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Aboriginal and European Relationship

  • Date Submitted: 11/23/2010 12:47 PM
  • Flesch-Kincaid Score: 35.3 
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The relationship between Aboriginals and Europeans

For millenias before the first Vikings landed on North America, the Aboriginals of North America were already a civilized and relatively peaceful group of people. They believed that everything, from the trees to the lakes, was bestowed onto them by the great spirit, who wanted them to preserve the natural environment for years to come. From the time after the second contact of Europeans until the late 19th century, the land owned by the Aboriginals slowly and eventually began to decline. It is my opinion that the huge log from the Cree Legend represents the whole of North America, while the Aboriginal ancestor sitting on it represents the North American Natives. At first, when the European wanted to sit on the log, the Aboriginal graciously agreed. But when the European man took over the entire log, he forced the Native to sit on a stump of a nearby tree. I personally think that the stump represented the reserves that the Canadian government gave to the Aboriginals, which is insubstantial compared to the land that the Natives once controlled.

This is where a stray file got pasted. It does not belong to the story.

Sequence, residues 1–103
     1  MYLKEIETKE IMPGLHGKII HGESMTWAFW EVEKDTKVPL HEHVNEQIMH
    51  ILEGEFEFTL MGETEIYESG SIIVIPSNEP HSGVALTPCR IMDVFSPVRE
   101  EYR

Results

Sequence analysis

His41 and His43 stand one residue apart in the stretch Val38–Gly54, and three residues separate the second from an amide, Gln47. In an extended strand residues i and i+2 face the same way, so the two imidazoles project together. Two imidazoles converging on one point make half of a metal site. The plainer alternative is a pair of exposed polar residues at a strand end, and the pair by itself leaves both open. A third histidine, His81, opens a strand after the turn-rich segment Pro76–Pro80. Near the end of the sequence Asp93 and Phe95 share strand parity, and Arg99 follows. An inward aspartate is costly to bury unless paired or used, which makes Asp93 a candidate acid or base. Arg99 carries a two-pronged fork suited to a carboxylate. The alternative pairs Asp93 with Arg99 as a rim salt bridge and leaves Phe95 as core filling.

One of the three main motives behind Native-European contact in Canada was the enormous amounts of fish and other game throughout the whole of North America. The rich quantity and variety of fish at the coastal regions of Canada attracted seasonal visits from European fleets. Another reason for contact was the sudden demand for beaver pelts and other furs due to the emergence of the fashionable men's hats created from compressed beaver pelts. Due to the rarity of beaver pelts in Europe, the fur traders could purchase them at extremely low prices in Canada and sell them for large amounts of money in Europe. The third and most insignificant reason for Aboriginal-European contact was because of the fact that both Catholics from France and Protestants in England sent missionaries to North America in hopes of converting them into Christians.

Believe it or not, for a...

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